Carlos Menem
President of the Argentina
Carlos Menem
Carlos Saúl Menem is an Argentine politician who was President of Argentina from 1989 to 1999. He is currently an Argentine National Senator for La Rioja Province.
Carlos Menem's personal information overview.
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Argentine ex-presidents asked to testify in Menem's son case
Yahoo News - 9 months
BUENOS AIRES, Argentina (AP) — A court on Wednesday asked six former Argentine presidents to testify in the investigation into the 1995 death of the son of ex-President Carlos Menem.
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Yahoo News article
Ex-Argentine leader tells court son was killed by Hezbollah
Yahoo News - 10 months
BUENOS AIRES, Argentina (AP) — Former Argentine President Carlos Menem said Friday he believes his son was killed by the Lebanon-based militant group Hezbollah, which prosecutors also suspect was behind two 1990s bombings in Buenos Aires.
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Yahoo News article
Argentina:  A Case Study of Israel’s Zionist-Wall Street Destabilization Campaign
Intifada - almost 2 years
Rescue workers search for survivors and victims in the rubble left after a powerful car bomb destroyed the Buenos Aires headquarters of the Argentine Israeli Mutual Association (AMIA), killing 85 people.REUTERS/Enrique Marcarian/Files      Israeli attempted to sidetrack the Argentine investigation, by involving some of its powerful Wall Street assets and influential pro-Israel lobbies (the Anti-Defamation League, AIPAC among others).  Their purpose was to fabricate ‘evidence’ in order to implicate Iran in the crime and to manipulate their influential assets in Argentina, especially in this case, chief prosecutor Nisman and many of the leaders of DAIA, to accuse the Argentine government of complicity in an ‘Iranian cover-up’.     James Petras Introduction             A recent article by Jorge Elbaum, the former executive director of DAIA (Delegation for Argentine Jewish Associations), the principle Argentine Jewish umbrella groups, published in the Buenos Aires dai ...
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Intifada article
Tribunal dismisses case against ex-Argentine President Carlos Menem for 1995 explosion
Fox News - about 3 years
A federal tribunal in Argentina has ruled prosecutors cannot proceed with a case alleging former President Carlos Menem was involved in an explosion at a military weapons factory that destroyed much of the town of Rio Tercero in 1995.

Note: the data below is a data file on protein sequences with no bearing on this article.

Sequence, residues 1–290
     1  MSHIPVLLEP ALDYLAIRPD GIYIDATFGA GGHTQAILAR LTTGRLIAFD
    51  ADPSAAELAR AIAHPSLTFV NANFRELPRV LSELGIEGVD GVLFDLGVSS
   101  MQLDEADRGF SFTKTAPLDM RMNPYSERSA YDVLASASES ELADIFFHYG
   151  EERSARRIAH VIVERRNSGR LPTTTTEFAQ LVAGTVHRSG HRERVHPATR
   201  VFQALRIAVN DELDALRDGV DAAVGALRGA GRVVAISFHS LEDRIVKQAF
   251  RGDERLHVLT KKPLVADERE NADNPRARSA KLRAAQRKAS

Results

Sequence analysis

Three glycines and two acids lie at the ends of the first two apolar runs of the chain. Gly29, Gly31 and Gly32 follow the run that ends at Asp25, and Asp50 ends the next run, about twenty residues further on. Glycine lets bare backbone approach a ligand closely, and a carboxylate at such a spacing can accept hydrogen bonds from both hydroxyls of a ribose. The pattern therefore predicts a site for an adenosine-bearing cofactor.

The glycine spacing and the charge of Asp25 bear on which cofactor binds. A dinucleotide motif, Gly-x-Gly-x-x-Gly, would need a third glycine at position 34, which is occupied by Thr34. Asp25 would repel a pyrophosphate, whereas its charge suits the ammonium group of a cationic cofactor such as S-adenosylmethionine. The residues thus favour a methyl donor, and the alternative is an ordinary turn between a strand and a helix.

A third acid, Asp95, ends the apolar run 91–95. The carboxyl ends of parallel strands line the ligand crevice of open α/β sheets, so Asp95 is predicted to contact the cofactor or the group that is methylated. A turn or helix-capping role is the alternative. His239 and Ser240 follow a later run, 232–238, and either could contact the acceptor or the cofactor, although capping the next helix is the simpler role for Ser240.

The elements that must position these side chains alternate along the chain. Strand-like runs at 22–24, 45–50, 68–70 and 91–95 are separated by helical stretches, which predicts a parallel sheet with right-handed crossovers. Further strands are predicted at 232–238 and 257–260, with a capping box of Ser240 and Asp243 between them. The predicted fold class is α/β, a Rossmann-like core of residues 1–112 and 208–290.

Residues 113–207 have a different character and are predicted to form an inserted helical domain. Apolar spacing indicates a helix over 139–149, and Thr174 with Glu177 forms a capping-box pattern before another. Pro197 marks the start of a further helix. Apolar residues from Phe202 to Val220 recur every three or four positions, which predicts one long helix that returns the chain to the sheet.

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Fox News article
Argentine ex-president Menem back on trial at 83
Yahoo News - over 3 years
Argentina's ex-president Carlos Menem was back in court for a new trial Monday, this time for allegedly falsifying his personal tax returns, the Supreme Court announced.
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Yahoo News article
Menem: 7 years jail for arms smuggling
CNN - over 3 years
An Argentine court has sentenced former President Carlos Menem to seven years in prison for his role in illegally smuggling weapons to Ecuador and Croatia.
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CNN article
Argentine ex-President Menem could face 7 years in prison for arms smuggling
Yahoo News - over 3 years
BUENOS AIRES (Reuters) - Former Argentine President Carlos Menem received a seven-year prison sentence for arms smuggling to Croatia and Ecuador in the 1990s, but he will not be jailed unless his fellow senators strip him of immunity, a court said on Thursday. Menem, now a frail 82-year-old senator, was found guilty in March of being "co-author of the offense of aggravated contraband" in an appeals court decision that overturned a lower court's acquittal two years before. He can appeal the ruling to the Supreme Court. ...
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Yahoo News article
Argentine ex-economy minister Martinez de Hoz dies
Fox News - almost 4 years
Former economy minister Jose Alfredo Martinez de Hoz has died at age 87 while awaiting sentencing for human rights abuses during the military dictatorship. The state news agency Telam said the exact cause of his death Saturday was not immediately announced. Martinez de la Hoz was Argentina's economy minister from 1976-1981 under military coup leader Gen. Jorge Rafael Videla. After the dictatorship ended, Martinez de la Hoz was tried for rights abuses. He benefited from a 1990 pardon by then-President Carlos Menem, but the charges were restored after the Supreme Court ruled in 2006 that the pardon was unconstitutional. Specifically, Martinez de la Hoz was accused of being among those responsible for the kidnapping and extortion of a prominent businessman and his son, something he long denied.
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Fox News article
Former President Guilty of Trafficking
Huffington Post - almost 4 years
BUENOS AIRES, Argentina -- Former Argentine President Carlos Menem and 11 others were found guilty by an appeals court on Friday of smuggling weapons to Ecuador and Croatia in violation of international embargoes in the 1990s. Menem, now 82 and enjoying immunity as an Argentine senator, had been acquitted at trial in 2011, but the appellate court said much of the evidence had been mistakenly dismissed, and that there is no logical way the weapons could have been smuggled without Menem's direct participation and approval. Menem acknowledged signing secret decrees to export weapons to Venezuela and Panama, but said he had no idea that the tons of rifles and ammunition made in Argentina would end up in Ecuador and Croatia, countries subject to international embargoes at the time. The appeals court called his defense "incomprehensible," given voluminous evidence that customs procedures weren't followed amid pressure from the presidency. The court found that Menem's ...